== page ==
Thursday, April 25, 2024

Gympie illegal dumping crackdown pays off

Gympie Regional Council says a crackdown on illegal dumping has led to the clean-up of 125,800 litres of rubbish from 23 sites across the region.

The initiative, which was supported by Department of Environment, Science and Innovation partnered and Queensland Parks and Wildlife Service, saw staff investigate and enforce cases of illegal dumping.

After seven months, several positive outcomes have been achieved for the local environment and the community, Council said in a statement.

“To date, the program has led to the successful cleanup of 23 sites, totalling 125,800 litres of rubbish removed across the region, with all cleanups undertaken by the identified offenders,” the Council said.

“This approach has resulted in a significant cost saving of an estimated $60,000 for the community as the responsibility for cleanup efforts no longer sits with the council as it had historically.”

Identified hotspots for illegal dumping included state forests, truck stops, and bin clusters throughout the region.

Gympie Regional Council’s Compliance team has issued 14 warnings and 15 penalty infringement notices, totalling $26,674 in fines.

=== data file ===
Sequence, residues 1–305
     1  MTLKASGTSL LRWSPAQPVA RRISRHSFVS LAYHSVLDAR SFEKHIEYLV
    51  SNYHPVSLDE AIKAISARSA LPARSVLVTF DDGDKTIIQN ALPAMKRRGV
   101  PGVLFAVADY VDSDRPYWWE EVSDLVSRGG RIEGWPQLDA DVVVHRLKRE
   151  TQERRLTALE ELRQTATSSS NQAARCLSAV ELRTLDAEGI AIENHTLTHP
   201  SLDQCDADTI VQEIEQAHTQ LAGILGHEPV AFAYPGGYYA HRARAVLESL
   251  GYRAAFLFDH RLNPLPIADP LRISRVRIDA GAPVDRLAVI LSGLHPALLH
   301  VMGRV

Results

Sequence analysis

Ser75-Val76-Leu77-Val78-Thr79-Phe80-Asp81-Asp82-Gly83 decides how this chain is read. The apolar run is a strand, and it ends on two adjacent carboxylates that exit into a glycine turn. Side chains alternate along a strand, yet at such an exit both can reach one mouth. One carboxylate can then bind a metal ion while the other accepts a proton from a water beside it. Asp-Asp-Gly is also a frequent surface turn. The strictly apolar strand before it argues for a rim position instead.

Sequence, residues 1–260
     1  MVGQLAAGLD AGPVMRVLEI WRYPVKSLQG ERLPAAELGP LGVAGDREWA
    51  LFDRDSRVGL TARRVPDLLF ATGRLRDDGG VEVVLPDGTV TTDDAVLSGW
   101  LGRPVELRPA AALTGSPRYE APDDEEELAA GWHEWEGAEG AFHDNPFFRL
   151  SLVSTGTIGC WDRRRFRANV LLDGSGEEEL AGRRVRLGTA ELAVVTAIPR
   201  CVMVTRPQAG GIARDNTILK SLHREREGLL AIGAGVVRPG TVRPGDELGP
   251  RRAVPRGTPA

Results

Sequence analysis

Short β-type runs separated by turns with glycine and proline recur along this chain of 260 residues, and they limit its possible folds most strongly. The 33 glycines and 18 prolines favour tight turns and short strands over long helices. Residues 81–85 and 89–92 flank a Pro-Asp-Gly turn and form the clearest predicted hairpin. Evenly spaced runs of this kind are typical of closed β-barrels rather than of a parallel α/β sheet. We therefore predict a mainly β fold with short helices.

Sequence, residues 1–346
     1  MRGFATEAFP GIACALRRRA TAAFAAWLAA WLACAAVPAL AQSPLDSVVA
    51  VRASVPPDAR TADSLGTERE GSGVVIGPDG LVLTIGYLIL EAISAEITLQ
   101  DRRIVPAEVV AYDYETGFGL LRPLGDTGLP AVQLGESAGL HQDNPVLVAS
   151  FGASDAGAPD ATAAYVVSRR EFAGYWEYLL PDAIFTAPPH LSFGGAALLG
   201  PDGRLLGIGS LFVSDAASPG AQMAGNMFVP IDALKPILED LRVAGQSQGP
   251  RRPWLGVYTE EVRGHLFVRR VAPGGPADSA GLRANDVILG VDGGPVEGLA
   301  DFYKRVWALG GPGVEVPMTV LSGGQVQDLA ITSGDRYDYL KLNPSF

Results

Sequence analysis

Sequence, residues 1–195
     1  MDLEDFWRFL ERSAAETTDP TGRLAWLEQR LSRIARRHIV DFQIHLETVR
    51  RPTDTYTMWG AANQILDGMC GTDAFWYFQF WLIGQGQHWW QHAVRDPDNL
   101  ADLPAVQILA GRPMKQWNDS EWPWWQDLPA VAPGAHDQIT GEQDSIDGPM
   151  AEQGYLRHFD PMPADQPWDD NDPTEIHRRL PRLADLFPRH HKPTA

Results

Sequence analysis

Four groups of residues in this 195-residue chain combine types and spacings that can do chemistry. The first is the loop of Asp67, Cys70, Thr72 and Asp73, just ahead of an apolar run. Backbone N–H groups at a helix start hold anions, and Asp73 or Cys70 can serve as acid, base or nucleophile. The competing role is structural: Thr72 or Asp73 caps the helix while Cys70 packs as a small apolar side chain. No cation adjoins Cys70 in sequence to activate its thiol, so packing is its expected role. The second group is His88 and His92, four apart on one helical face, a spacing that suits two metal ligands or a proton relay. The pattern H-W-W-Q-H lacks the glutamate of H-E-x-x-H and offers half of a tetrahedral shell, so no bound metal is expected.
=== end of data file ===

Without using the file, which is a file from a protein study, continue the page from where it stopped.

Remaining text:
Manager Compliance for Gympie Regional Council, Daniel Rogers said that since the program commenced, Council has seen a reduction in reported dump sites from an average of 20-30 per month to just 10 during the month of January. 

“Our partnership with Department of Environment, Science and Innovation’s Queensland Parks and Wildlife Service (QPWS) and assistance from HQ Plantations has been crucial in identifying and addressing illegal dumping hotspots.”

“Through 24/7 proactive mobile patrols, deployment of surveillance technology and increased signage we are making strides in cracking down on offenders,” he said.

QPWS Ranger in Charge – Gympie, Gary Hearle said the partnership between Gympie Regional Council and Queensland Parks and Wildlife has been very beneficial.

“Illegal dumping impacts on conservation values and exposes visitors and staff to a range of hazards including chemicals and needles. Weed infestations commonly occur from dumped garden refuse and impact on the visual amenity of the parks,” he said.

“QPWS Rangers spend a considerable amount of time removing illegal dumping which is better used to focus on other aspects of park management.”

Penalties for illegal dumping include on-the-spot fines for individuals of up to $3,096, with corporations facing fines of up to $11,610.  

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